• Can it really be that simple? Does a large news outlet really impact the quality of their output so strongly, so consistently, for such a long time, for this one purpose? If so, does this effect have a name that I can use to find more information about it?
    – bers
    Commented Sep 20, 2016 at 19:04
  • 1
    I'm pretty sure it is that simple, yes. A huge proportion of online readers skim the first paragraph or two, and it's only a small minority that reads the entire way through -- and journalists who write for the web have adapted to this. One name for it is a "Model T" structure, as explained under Point 6 "Never Bury the Lead" here: poynter.org/2003/writing-news-online/13605 , I don't know if there are other terms for it Commented Sep 20, 2016 at 20:14

2 Answers 2


When I was in school there was a teaching unit on newspaper articles. We learned how they were constructed and had to write some. For printed news, the articles are structured so they can be easily cut.

Newspapers have a fixed format, but news can have different volume. An article might be written, and then some other urgent news comes in that needs space on the page. So the first article has to be shortened – or something has to be added to it, as new important information comes in a few minutes before time of going to press.

Therefore news articles are always structured the same, so that the cutting editor does not have to think about where to cut. He just cuts from the end. For that reason, the more important information has to be at the beginning, and paragraphs – or sequences of paragraphs – are like self-contained subunits that, if you delete them, do not change the meaning of the overall article.

A second structural factor is time. Most readers do not have the time to read all of the New York Times every day. They scan the paper and only read what is important or interesting to them. For that reason, the articles are layered in three levels of detail.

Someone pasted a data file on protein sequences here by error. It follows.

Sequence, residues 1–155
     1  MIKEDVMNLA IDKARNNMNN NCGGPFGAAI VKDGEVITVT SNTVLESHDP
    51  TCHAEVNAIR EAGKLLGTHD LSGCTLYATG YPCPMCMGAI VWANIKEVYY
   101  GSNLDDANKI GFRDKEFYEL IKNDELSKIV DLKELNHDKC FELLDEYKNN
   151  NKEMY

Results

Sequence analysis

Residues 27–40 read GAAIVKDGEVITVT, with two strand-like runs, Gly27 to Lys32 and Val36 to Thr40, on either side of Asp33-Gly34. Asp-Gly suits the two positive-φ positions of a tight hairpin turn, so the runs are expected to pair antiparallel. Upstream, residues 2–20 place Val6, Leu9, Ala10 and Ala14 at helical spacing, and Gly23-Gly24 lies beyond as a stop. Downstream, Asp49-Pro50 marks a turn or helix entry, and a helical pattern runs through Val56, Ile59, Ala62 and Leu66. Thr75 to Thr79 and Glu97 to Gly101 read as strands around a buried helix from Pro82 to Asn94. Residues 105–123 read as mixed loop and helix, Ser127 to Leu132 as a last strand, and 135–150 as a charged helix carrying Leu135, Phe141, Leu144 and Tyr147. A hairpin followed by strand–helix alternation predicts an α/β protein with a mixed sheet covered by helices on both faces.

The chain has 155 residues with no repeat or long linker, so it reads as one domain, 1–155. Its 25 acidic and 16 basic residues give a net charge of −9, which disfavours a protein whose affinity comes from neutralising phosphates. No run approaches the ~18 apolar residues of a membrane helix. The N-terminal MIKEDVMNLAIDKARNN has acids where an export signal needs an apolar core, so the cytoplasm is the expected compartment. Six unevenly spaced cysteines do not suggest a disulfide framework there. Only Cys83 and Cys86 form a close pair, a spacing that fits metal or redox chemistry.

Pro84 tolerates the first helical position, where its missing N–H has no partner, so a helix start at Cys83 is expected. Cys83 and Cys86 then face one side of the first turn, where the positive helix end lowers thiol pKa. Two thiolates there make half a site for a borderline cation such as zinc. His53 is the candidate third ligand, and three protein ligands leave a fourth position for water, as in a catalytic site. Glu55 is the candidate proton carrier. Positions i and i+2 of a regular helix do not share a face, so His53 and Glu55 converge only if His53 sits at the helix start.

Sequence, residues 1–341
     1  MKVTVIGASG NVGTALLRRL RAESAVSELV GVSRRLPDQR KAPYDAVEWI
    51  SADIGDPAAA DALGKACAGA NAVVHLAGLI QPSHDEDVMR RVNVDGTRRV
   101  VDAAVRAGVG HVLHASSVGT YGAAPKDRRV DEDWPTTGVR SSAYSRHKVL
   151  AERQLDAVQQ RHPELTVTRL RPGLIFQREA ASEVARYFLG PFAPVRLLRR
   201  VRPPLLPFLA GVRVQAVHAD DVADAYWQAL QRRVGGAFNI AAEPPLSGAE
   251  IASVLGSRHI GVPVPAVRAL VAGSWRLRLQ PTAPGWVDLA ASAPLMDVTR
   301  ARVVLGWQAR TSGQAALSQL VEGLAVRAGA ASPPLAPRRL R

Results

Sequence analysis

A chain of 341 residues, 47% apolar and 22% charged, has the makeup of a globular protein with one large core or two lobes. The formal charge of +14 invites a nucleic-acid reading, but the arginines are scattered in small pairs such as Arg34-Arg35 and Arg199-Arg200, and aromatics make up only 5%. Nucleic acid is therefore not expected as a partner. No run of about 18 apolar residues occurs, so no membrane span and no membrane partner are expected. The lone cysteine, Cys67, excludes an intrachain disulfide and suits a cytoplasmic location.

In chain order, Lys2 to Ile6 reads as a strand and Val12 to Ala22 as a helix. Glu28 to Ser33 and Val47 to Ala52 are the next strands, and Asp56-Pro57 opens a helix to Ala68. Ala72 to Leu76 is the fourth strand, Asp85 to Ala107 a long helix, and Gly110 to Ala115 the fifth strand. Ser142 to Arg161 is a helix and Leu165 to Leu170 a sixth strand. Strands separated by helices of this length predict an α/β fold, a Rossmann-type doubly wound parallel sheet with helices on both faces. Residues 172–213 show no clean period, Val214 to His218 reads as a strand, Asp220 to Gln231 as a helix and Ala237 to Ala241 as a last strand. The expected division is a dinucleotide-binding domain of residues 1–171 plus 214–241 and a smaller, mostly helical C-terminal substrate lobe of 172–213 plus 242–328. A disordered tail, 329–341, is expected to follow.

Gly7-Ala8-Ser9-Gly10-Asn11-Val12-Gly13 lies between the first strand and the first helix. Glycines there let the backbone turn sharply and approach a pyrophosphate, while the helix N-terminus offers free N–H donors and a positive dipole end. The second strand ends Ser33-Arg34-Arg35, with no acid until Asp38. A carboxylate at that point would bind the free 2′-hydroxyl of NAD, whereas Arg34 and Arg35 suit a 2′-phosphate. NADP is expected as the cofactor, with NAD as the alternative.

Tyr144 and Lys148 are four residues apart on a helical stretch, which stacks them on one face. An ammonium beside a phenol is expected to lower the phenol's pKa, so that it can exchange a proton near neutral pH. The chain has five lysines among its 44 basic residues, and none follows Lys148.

The first level is the headline. The headlines in a good newspaper contains enough information to tell a reader who scans only the headlines what is going on in the world. The second level is the summary paragraph at the beginning. It is often set off from the body text in a larger or bolder or different font. This summary contains the most important information beyond the basic "what is going on" of the headline. The third level is the actual article. It adds detail to the summary, and it is structured with the most important information first, to be easily cut from the end (see above), and to allow readers to easily stop reading when the information becomes too irrelevant to them.

Online journalism no longer has to allow for a possible cutting, but the New York Times still appears in print, so it is plausible that this still influences the writing. And the layers of detail are obviously still there, as reading online doesn't change the readership's time constraints.

What did change is that online articles are not printed once a day but published immediately and sometimes edited later as new information appears. Maybe the New York Times stops editing once the article goes into print, but I don't know, and online-only news publishers sometimes keep editing an article as long as it is online.


"News" articles (at least in America), aren't just about "news." They are also about the people who make the news.

So after beginning with a line or two of "hard" news, the article goes off on a tangent about police officers, public officials, or other people who are in any way connected with the news.

That's because the newspaper is trying to cultivate "sources." The reason is that newspapers get most of their news from such sources. This is more true today, when reporters do less "legwork," and instead "compile" most of their news from people they talk to on a regular basis. The amount of coverage they give to sources, as opposed to news, reflects that fact.

A piece of "news" lasts for a day. A source can last for "life" (or at least for the career).

Kudos if your post actually got them to alter their (online) article, if only a little bit.

  • Thanks for your answer, that's a good point that I was not aware of. I doubt they edited the article in response to my question here, though, it's mainly an update of an evolving story with new material from addition sources (yes, indeed). My editing the question should just make people aware that the linked article does not represent my question paragraph by paragraph any longer.
    – bers
    Commented Sep 21, 2016 at 0:04
  • @bers: FWIW, I used to be a "journalist" in high school and college (decades ago).
    – Tom Au
    Commented Sep 21, 2016 at 0:06